Yesterday was a big day here on Stonycroft. We started the day with biscuits at 7, and from there we made a list of everything that needed to be done on the farm, and then set out on errands. Agway first, our local feed and seed store. Rabbit food, chicken food, and pig food for the new piglets we will get today. Bales of potting mix and shavings for the critters. Juliet was with us, and she fell in love with a salmon-pink flowered geranium, so we let her get that, and then I found a strawberry scented geranium… oh, and we bought 60 strawberry plants. After the feed store we continued down into Tilton, the the hardware store on Main Street that still has much of the fixtures and feel that it did a hundred years ago when it was young. Juliet loved exploring and finding all the cool doo-dads.

Once we had returned home I helped Dad offload the feed and bales, while the kids ran the groceries inside and put them away. Once the truck was clear we took the cap back off… when we had put it on that morning I had pulled a muscle in the part of me I sit upon. I grabbed Glady and the two of us ran to the library. Everyone at the house had made book requests, so we wound up with quite a stack. Dad got a couple of bee books put on inter-library loan, as he is finally studying for the Master Beekeeper’s Exam. Juliet had asked for a cookbook, and we found her a gluten-free one. Pippa asked for a book on raising pigs, as they are to be her responsibility. And for Johann I grabbed a book on tractors and one on robots. I found the Omnivore’s Dilemma, and a book on edible landscaping. Glady found a book on drawing cats, to her delight.

Back at the farm I parceled out the books to some very delighted children, taking my find Teaming with Microbes up to Dad, where he was potting up leggy tomato plants and bemoaning the chickens still invading his greenhouse. we talked about what needed to be done, and then I headed out to the greenhouse. I needed to build nestboxes into the chookabagos (chicken tractors by any other name…) so we would have a chance of keeping more eggs from the older flock. They have been eating their eggs. Te original plan was for me to build slanting shelves out of plywood and one by two that were partially outside the coops so we could collect the eggs. I wound up modifying that plan and using a salvaged drawer from an old dresser and the tray from under a decrepit rabbit cage. I also used the jigsaw for the first time. Ours lacks an on/off switch, so Juliet plugged and unplugged on command. Pippa brought me screws and drill bits as needed, and Johann made dirt angels. You know it must be spring when your son is filthy from head to toe. Pippa discovered the loose Ameracauna hens had made a hidden nest, ad we retrieved about nine eggs out of that. All our Ameracaunas lay green eggs, so it was a pretty nest.

By the time I had finished, Dad was in the greenhouse potting the strawberries into hanging baskets. He put two plants in each basket, and we had only bought everbearing strawberries, so they will be very nice indeed in about a month. We plan to sell some at the farmstand, the rest will be for family use. While he was doing that, I realized I had been putting off butchering the spare roosters for too long. We’d gotten about 6 with the first flock of chickens, and then 3 more with the Ameracaunas. We really only want 2, although I think we will wind up keeping 3. So off the the house for my hatchet and knife.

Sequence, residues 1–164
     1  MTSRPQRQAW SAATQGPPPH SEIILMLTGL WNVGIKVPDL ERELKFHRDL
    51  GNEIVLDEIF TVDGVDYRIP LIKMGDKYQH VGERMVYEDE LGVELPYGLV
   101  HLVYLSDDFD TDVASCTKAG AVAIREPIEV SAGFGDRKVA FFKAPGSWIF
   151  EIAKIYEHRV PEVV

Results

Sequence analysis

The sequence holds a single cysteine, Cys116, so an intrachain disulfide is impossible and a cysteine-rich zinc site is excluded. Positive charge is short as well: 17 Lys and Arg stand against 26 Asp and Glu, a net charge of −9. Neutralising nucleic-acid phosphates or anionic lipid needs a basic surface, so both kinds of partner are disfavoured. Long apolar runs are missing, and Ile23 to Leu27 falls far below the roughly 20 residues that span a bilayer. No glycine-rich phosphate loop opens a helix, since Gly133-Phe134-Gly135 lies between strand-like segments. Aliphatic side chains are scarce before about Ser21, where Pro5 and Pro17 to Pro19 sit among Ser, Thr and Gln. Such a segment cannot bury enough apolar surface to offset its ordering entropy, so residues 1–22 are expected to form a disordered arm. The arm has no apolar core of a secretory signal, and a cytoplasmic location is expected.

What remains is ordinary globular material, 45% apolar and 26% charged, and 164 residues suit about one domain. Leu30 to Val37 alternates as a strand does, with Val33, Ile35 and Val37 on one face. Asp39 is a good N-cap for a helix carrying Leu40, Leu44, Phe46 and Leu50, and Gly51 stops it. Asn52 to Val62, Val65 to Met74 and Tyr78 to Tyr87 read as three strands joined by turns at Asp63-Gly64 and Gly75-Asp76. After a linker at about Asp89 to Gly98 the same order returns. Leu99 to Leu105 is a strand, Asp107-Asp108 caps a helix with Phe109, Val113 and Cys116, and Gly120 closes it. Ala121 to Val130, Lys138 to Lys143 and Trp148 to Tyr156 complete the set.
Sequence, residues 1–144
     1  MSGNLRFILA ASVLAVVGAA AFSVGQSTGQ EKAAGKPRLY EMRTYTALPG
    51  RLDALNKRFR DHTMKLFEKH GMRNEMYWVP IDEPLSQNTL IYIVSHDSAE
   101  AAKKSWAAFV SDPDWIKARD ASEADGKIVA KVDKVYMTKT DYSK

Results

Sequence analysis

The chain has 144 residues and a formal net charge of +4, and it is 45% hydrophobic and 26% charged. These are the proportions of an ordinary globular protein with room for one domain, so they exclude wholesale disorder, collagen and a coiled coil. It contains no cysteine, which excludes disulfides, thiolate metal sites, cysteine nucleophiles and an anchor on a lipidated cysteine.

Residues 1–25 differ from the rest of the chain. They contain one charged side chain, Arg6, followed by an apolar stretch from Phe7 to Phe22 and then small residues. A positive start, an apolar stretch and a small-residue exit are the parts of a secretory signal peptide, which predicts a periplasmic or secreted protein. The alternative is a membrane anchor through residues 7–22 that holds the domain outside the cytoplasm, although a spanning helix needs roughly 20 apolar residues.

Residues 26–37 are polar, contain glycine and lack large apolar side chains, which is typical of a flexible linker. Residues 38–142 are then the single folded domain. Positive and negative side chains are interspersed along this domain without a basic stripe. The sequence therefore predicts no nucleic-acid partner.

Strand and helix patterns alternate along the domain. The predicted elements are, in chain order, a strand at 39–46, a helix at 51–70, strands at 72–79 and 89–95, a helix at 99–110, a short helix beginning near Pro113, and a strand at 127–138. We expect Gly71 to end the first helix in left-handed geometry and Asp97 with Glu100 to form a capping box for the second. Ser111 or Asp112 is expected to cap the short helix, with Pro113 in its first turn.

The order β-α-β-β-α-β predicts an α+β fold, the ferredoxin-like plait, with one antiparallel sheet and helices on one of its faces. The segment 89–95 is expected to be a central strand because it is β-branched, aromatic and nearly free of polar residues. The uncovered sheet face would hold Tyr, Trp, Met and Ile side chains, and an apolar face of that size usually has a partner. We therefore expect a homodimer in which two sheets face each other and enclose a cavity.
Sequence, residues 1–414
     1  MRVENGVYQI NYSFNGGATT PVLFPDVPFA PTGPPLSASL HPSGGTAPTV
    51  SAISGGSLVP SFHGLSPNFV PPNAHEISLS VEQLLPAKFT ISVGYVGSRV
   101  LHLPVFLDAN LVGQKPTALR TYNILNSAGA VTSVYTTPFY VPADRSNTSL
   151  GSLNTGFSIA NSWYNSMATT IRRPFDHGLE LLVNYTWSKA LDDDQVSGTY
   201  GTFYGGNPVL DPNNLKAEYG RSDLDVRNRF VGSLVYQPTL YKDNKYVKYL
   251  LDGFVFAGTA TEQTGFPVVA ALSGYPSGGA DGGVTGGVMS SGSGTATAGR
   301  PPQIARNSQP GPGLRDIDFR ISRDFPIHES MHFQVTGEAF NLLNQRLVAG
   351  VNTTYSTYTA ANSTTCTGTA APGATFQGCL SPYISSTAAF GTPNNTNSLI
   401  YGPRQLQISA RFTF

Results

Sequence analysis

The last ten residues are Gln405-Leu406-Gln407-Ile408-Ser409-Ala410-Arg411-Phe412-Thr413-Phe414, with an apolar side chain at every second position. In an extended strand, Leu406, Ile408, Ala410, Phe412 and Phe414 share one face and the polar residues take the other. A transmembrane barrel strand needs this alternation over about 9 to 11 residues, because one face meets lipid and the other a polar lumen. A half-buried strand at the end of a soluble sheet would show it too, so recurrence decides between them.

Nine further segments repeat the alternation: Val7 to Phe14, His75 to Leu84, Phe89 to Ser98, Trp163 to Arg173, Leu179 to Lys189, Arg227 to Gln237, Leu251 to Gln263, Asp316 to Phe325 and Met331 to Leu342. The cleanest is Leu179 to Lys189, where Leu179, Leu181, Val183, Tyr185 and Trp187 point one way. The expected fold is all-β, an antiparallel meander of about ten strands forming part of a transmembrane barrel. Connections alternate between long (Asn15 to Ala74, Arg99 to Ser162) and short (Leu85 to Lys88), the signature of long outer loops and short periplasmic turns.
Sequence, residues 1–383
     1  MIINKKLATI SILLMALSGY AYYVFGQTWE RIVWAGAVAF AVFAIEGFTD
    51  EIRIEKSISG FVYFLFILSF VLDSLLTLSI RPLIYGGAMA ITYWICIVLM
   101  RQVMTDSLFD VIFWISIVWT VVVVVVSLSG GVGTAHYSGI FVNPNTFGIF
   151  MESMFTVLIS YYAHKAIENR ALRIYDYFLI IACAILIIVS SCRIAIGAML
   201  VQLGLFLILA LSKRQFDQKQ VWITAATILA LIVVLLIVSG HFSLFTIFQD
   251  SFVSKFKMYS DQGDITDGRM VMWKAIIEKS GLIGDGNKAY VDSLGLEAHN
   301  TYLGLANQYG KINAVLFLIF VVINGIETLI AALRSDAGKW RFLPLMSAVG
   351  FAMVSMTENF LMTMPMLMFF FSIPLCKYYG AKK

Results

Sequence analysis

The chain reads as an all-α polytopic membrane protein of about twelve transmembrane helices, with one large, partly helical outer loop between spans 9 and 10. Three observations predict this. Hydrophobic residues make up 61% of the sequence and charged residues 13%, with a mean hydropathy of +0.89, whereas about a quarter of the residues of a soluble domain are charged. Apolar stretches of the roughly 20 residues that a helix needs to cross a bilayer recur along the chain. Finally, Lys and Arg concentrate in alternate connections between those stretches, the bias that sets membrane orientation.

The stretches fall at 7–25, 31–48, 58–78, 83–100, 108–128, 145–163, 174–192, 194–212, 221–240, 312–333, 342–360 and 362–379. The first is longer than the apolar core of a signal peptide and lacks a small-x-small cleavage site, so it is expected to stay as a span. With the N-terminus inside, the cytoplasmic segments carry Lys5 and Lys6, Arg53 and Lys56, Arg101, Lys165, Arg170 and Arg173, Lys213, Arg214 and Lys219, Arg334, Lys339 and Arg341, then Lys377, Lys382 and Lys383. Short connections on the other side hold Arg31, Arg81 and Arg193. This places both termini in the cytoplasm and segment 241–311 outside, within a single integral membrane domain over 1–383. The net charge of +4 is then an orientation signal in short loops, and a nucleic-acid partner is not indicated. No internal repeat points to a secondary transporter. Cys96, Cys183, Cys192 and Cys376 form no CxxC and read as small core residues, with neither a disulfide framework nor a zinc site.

I haven’t done this for about eight years… maybe more than that. It wasn’t difficult to remember how, the only problem was that Johann was insisting on watching. I made him go a suitable distance away, but he watched me do in most of the chickens, without visible signs of trauma. I wasn’t going to make him go in the house, this is a part of farm life. I skin chickens, plucking is too much time and I didn’t have the set-up for it yesterday, anyway. Part of the way through the third chicken Dad brought me a table, as my back was killing me working on a low surface.

Juliet came out to watch me and demand an anatomy lesson. Then Glady came out to join us. They were fascinated with the whole process. Juliet went from “I won’t touch that thing!” to “Ooh, the heart is so smooth like silk.” Glady was chasing her sister with a foot. She wasn’t perturbed by the process at all. Pippa bravely took a look and then fled. I finished the cleaning inside in the sink. While Dad was helping me clean out the gizzards we discovered that one of the chickens had eaten a balloon. It was pretty well ground up. He suggested I take a picture for BalloonHQ, but I declined to share that gross visual.

Finally finished with that whole process, and with 5 chickens tucked in the freezer, I realized that I needed a hot shower badly. Not only did I have blood and guts on me, but my hip was about to give out. Glady and Dad started dinner while I stood under hot water. We had burgers for dinner, sat and watched an episode of CSI while we were doing that, and then out to the last task of the day.

We moved the chicken tractors out of the greenhouse, with some difficulty. They barely fit through the opening in the end of the greenhouse, but we managed. The second one had two hens roosting on the ridgepole, and the  little buggers hung on all the way outside. Dad and I had to laugh… we didn’t know if that was persistence or agility. It took us a while to catch the now loose flock in the greenhouse, but as it was twilight they were ready to roost, and as long as we moved slowly we could catch them fairly easily. Even though we had gotten 6 inches of snow the day before, it was almost fifty degrees yesterday, and the bed on the south side of the greenhouse was snow-free by the time we put the chickens on it. I imagine the hens are enjoying themselves this morning with all that fresh scratch.

We built the chicken tractors (dubbed chookabagos) in the greenhouse.